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Why Present (UKOUG TEBS 2012) November 27, 2012

Posted by mwidlake in Friday Philosophy, Presenting.
Tags: , , ,
3 comments

The annual UK Oracle User Group Technical and E-Business Suite conference is fast approaching and rather than just say “hey everyone, I’m going to present at a conference” I thought I would say why I present at conferences (and SIGs (and any opportunity I get) ).

The UKOUG TEBS conference is the one that is, in my eyes, the UKOUG conference. It covers E-business suite and the core database stuff – DBA-type things and developer-type things. The things I am interested in. You can see the details and agenda via this link. If you would like to see someone else’s view of this year’s conference, from a delegate’s perspective, check out this post by my friend Big Dave Roberts. I’ve said it before and I’ll say it again, I’ve personally got more out of the UKOUG TEBS conference than when I have been lucky enough to go to Oracle Open World. For me, I want to see user stories and opinions as well as the Oracle company line – and user groups give far more of that. UKOUG is the biggest and most encompassing of the European conferences, but check out and attend your local user groups if you are not based in the UK (or are in Scotland) – I’ve been to a couple now and all have been good.
{Oh, I should add, I am not presenting at the main TEBS conference, for the first time that I’ve made it there in…10 years! I’m presenting on the OakTable Sunday. I get to fully enjoy the whole 3 days of TEBS this year, as a normal punter!}

So why do I present?

First up, I am lucky that presenting does not scare me. Oh, I get nervous before I start and I worry about my material and doing a decent job of it, but I never feel sick or faint before starting(*). I’ve got some good friends who know as much or more about database technology than I and, in a social situation, they will let fourth with eloquence and passion about some topic. Usually in a pub. But the idea of formally presenting fills them with the heebie-jeebies if not the screaming abdabs. Or, when they get up to talk, they morph from erudite and eloquent {ie they speak clearly, concisely and interestingly) into stuttering, uncomfortable rabbits caught in the lights. And they quickly drop back from it. It’s a real shame as they have a lot to say. Actually, it is a blessing as it leaves space open for me :-)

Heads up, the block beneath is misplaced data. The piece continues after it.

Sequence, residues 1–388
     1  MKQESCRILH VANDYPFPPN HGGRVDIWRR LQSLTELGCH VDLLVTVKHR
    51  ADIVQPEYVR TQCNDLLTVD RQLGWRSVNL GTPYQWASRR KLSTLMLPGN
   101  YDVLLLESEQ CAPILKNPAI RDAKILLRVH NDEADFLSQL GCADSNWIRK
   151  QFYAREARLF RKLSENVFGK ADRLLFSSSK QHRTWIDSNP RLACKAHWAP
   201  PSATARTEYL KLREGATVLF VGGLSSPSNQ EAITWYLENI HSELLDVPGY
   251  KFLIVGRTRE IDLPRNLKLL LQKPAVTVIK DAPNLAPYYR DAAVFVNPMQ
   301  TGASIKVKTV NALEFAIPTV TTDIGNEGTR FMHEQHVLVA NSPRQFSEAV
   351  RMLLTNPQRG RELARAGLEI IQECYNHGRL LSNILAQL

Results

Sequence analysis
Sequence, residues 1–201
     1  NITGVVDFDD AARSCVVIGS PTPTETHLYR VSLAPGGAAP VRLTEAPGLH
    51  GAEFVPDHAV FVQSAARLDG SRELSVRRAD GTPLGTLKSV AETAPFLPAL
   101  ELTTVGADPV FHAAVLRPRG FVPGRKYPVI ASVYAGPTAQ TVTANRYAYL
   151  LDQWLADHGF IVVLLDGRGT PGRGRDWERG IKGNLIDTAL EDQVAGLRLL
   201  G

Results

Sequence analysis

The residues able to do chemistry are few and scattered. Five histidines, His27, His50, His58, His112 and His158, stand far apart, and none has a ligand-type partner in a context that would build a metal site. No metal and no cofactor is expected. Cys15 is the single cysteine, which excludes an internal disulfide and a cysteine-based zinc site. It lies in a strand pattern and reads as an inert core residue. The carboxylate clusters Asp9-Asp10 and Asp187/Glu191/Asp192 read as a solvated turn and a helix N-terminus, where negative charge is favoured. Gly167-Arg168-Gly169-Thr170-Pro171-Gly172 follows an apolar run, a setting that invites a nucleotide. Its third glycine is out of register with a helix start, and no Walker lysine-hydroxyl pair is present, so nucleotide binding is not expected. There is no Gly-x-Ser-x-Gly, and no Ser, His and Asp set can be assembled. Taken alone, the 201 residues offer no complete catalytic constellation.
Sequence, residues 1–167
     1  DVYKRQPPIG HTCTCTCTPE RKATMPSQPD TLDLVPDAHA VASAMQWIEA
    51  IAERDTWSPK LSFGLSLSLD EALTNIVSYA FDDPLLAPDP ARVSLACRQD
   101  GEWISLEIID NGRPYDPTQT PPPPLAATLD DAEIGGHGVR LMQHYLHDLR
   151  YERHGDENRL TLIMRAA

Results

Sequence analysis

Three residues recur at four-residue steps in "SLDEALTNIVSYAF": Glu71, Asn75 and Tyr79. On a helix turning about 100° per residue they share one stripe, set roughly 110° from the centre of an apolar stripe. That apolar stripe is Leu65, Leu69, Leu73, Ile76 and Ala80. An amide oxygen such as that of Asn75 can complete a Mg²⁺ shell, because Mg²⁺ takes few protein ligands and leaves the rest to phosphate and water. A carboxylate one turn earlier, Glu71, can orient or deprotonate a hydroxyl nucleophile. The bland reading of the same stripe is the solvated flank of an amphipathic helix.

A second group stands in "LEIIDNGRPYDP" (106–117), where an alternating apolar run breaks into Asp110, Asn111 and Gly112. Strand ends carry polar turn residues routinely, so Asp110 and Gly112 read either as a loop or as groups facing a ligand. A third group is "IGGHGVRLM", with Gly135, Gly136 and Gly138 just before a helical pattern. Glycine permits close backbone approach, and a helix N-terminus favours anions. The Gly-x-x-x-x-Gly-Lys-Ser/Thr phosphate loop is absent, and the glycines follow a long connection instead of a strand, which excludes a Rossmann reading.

Secondly, I want to be noticed. There, I’ve said it. I’m pretty sure that 75%+ of the regular speakers at conference want to be noticed and that is a factor in why we do it. Oh, of course, we can wrap it up as “marketing your skills” or “maintaining a presences” but that’s fluff. We want you to see us talk and we want you to like what you see. Well, not the physical aspect of it, that would be weird, but we want you to either think we know what we are talking about or enjoy listening to us prattle on. We want to be appreciated. That’s not so noble, huh? But true.

As a sub-topic to “I want to be noticed” let’s deal with getting work. For me personally, speaking has never got me a job. Asking around friends and contacts most people are the same in that Presenting does not get most of us any work. Maybe it’s a factor when I get interviewed but no one has once come up to me after a talk and said “can you come to our site and be paid a vast sum of money to solve this problem”. I’d love you to be the first, though…

Third, and this may seem noble – or corny or self-worthy – but I talk because I want to teach. I want you to have in your head the knowledge I have in mine, preferably with less pain and anguish than it took me to get it in mine. I love teaching people stuff. It is a common trait to the OakTable network. We teach and we demonstrate why we think what we think. Usually. I can’t decide if I prefer making something that is broken work or teaching people more. Those two are why I do what I do. Frankly I gave up on making a “significant difference” years ago, I’ll stick to making lots of insignificant differences.

Fourth, I get to meet people. It’s taken a while as, except in small groups, I am not great at being sociable. That might seem odd given I said I like to be noticed, but I don’t like to be noticed as a fool and for reasons I will side-step, I’m not too great at judging how I am coming across. Plus I cannot remember names or faces, which is tricky sometimes. Actually, a lot of actors are not “social people”, for some they act because they can’t “do” people. Anyway, presenting has opened doors to me by meeting other presenters who know their stuff, non-presenters who know their stuff and, generally, people. Most of whom have been nice.

Fifth, and this is quite rare. I get asked. If you ask me to present the chances are I will say “ohh, yes please!!!!” We are back to my second point about being noticed, aren’t we? Caveat. If you ask me to present and you live thousands of miles from the UK, as I have no employer to fund my demands for limousines and four-star hotels, I might have to say no. Unless you buy me a LOT of beer.

That is why I present. You probably now expect me to say something to encourage you to present but, mehh, if you want to, just do it. If you don’t, don’t do it. It’s not for everyone. Except you over there. Yes, you know who you are. You need to present more. :-)

(*) I confess, when I do a talk that is aiming to be funny, I get very nervous. When I do my “disasters” talk I can get very nervous as the whole idea is that people will be amused. If I get the feel of the talk wrong I can look preachy or obnoxious or bitter or daft or all four and more. But it is still the talk I most enjoy giving.

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